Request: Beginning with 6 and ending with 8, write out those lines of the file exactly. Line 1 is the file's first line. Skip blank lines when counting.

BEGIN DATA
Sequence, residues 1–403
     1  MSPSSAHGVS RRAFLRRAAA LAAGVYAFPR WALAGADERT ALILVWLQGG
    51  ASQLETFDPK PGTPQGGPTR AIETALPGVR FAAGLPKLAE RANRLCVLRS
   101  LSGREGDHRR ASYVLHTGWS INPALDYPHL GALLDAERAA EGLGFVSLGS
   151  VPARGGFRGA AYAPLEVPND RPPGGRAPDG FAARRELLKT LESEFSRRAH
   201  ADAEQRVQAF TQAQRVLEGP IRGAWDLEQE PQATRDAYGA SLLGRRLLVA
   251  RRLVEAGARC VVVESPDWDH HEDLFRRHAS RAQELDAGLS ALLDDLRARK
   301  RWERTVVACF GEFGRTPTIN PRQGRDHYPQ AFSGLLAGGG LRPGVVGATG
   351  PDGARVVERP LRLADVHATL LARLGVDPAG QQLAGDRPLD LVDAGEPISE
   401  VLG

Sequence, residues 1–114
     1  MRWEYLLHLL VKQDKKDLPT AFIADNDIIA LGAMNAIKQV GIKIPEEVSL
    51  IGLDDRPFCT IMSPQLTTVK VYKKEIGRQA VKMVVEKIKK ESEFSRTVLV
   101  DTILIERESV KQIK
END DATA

   201  ADAEQRVQAF TQAQRVLEGP IRGAWDLEQE PQATRDAYGA SLLGRRLLVA
   251  RRLVEAGARC VVVESPDWDH HEDLFRRHAS RAQELDAGLS ALLDDLRARK
   301  RWERTVVACF GEFGRTPTIN PRQGRDHYPQ AFSGLLAGGG LRPGVVGATG